Noodle Producer Uses VAC-U-MAX Pneumatic Conveying System to Handle 20 Tons of Bakers-Like Flour
July 14, 2010 (PRLEAP.COM) Lifestyle NewsWhen Brian Miller, Plant Engineer for Mrs. Miller's Homemade Noodles Ltd., which produces 40,000 pounds of noodles per week, switched from handling 50-pound bags of flour to handling 2000-pound bulk bags, he knew he would need to integrate a new pneumatic conveying system into his process. The former conveyor—an older pressure-based system which transported the flour from a hopper through a volumetric feeder and finally to a mixer—would no longer satisfy the company's needs.
Mrs. Miller's Homemade Noodles Ltd., located in the middle of an Amish community in Fredericksburg Ohio, is a family-owned and operated business dedicated to producing preservative-free, homemade-quality products with the best ingredients, for over 30 years.
Miller's goal was to implement a pneumatic conveying system that would efficiently convey 20 tons of very fine flour per week, eliminating the need for manual filling.
"The flour we use is like bakers flour and it is difficult to convey," says Miller. "It sticks to a lot of surfaces and if you have leaks in your system you get a lot of dust."
After some research, Miller found he could achieve this goal with a pneumatic conveying system from VAC-U-MAX, a pioneer in vacuum solutions since 1946, and one of the few suppliers who routinely designs and builds custom and semi-custom pneumatic conveying systems and support equipment for conveying, batching and weighing dry materials.
While fine powders may pose conveying issues for some conveyor manufacturers, because VAC-U-MAX has tested thousands of difficult to convey materials and is an expert in material characteristics, they are fully equipped to meet customer demands. One way that VAC-U-MAX handles problems with fine powders is by applying a high polish finish to the pneumatic conveyor systems' interior and exterior, reducing the amount of powder sticking to the system.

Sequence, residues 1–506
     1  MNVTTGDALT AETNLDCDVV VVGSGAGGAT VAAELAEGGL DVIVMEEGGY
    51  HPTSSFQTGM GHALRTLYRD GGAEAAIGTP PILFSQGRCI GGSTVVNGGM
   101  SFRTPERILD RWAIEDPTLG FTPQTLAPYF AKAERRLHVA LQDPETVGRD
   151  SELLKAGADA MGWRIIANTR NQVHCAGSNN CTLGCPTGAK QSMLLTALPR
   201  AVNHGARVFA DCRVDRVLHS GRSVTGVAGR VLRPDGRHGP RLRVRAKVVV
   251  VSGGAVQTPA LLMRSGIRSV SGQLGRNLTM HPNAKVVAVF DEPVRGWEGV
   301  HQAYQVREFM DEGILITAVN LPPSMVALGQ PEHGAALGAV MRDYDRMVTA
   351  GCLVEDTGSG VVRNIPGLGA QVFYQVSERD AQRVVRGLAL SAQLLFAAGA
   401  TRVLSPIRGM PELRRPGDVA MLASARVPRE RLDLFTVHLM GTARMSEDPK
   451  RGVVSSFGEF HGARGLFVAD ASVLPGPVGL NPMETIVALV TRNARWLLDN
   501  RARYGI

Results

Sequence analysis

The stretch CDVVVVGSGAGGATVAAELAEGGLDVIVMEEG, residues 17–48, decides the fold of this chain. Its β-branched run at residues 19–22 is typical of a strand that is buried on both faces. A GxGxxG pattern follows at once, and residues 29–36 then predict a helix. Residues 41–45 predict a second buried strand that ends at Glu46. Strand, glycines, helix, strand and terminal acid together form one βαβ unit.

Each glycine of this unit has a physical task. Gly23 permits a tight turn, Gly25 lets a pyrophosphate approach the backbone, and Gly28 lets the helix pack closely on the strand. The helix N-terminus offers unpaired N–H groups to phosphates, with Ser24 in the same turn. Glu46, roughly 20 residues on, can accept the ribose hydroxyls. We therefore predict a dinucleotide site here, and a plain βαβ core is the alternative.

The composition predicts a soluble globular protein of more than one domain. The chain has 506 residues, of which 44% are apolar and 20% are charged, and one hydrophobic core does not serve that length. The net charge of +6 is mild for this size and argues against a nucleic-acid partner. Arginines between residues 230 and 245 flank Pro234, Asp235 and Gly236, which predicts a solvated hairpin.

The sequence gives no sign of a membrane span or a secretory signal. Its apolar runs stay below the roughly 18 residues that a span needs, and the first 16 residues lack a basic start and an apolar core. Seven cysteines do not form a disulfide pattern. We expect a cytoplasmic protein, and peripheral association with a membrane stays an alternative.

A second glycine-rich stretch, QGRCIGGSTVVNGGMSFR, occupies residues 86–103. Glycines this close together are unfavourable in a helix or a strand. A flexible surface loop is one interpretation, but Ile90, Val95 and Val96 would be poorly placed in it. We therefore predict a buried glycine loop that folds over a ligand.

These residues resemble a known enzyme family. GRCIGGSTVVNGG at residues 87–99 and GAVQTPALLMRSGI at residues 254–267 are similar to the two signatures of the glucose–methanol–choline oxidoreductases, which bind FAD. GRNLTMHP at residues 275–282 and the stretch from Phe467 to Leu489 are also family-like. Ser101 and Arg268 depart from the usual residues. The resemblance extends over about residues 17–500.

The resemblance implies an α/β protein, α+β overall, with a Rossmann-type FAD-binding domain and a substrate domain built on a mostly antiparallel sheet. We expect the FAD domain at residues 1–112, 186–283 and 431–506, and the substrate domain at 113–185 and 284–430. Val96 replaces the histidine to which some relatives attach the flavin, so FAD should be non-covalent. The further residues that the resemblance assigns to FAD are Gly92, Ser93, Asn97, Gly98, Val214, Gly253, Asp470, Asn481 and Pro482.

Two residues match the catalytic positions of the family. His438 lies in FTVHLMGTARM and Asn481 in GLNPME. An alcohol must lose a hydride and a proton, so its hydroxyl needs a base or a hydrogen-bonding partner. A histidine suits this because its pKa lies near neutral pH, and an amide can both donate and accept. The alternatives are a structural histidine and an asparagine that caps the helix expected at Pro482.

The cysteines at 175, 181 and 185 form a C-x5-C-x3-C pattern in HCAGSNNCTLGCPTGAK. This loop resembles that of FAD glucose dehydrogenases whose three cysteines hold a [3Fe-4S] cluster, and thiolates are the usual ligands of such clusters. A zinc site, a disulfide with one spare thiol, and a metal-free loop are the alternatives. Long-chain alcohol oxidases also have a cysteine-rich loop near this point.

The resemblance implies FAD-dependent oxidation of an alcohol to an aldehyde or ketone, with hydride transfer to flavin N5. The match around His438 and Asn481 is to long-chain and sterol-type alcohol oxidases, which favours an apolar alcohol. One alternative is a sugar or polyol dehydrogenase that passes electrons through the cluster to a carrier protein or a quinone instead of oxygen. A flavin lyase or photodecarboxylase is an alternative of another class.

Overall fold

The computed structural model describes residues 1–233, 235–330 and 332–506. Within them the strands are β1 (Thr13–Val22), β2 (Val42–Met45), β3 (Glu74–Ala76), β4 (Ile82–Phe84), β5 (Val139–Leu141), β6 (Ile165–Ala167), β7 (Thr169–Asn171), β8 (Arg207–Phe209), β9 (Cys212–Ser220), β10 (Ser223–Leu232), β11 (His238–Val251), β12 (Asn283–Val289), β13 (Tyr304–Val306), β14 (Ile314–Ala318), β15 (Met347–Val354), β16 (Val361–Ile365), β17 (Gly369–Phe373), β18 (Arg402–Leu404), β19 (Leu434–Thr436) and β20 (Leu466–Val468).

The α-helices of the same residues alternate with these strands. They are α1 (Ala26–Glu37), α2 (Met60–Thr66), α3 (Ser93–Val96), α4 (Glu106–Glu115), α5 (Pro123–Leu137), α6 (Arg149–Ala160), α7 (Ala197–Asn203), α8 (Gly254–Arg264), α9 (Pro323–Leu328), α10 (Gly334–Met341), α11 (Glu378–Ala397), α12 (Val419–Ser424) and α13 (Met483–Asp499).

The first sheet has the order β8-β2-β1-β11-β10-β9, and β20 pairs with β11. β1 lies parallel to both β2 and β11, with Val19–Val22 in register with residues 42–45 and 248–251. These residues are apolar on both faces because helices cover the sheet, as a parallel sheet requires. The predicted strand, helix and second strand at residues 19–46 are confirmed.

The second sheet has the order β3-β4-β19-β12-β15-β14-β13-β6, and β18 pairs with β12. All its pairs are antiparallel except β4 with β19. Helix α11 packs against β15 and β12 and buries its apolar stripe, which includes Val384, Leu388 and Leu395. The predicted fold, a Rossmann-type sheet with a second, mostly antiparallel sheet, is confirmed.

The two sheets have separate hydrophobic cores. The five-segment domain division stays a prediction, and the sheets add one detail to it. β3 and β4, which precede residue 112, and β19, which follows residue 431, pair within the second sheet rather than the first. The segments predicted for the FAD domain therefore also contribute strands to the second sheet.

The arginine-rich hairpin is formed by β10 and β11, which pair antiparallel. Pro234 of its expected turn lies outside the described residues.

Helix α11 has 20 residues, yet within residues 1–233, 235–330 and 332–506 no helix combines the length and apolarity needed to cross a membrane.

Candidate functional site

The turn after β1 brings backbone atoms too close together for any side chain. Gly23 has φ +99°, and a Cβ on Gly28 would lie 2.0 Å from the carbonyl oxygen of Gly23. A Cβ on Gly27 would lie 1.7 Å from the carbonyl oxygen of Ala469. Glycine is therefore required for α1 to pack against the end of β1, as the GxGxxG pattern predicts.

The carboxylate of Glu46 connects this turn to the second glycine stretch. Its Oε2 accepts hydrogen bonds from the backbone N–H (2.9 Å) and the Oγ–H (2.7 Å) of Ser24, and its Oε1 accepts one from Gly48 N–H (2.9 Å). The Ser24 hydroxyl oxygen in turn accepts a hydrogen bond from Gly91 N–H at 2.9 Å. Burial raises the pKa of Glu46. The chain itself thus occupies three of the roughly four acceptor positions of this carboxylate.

Since the inherent nature of pneumatic conveyor systems prevent loose powder from becoming airborne, it makes for a cleaner and safer environment all around. Miller says, "the system is completely enclosed. It's been very good that way. No mess."
Although the system has reduced some housekeeping time, Miller, who is committed to continually evaluating and improving safety in their plant, says, "the bulk of the gain is safety and efficiency."
"The new system is safer because it accommodates the super sacks better, and feeds the product directly from bags without manual labor," he explains. "Before, our guys were climbing up to a big hopper and would fill it by hand sometimes. Just more dangerous."
Overall, Miller says, "the VAC-U-MAX system runs more efficiently than the other system did, is quieter, and doesn't take as much space because we could eliminate the big hopper, and it is safer."
For more information about a VAC-U-MAX pneumatic conveying system or industrial vacuum cleaning solutions, write to them at 37 Rutgers Street, Belleville, NJ 07109; call (888)241-6992 or (973) 759-4600; e-mail firstname.lastname@example.org; or visit their website www.vac-u-max.com.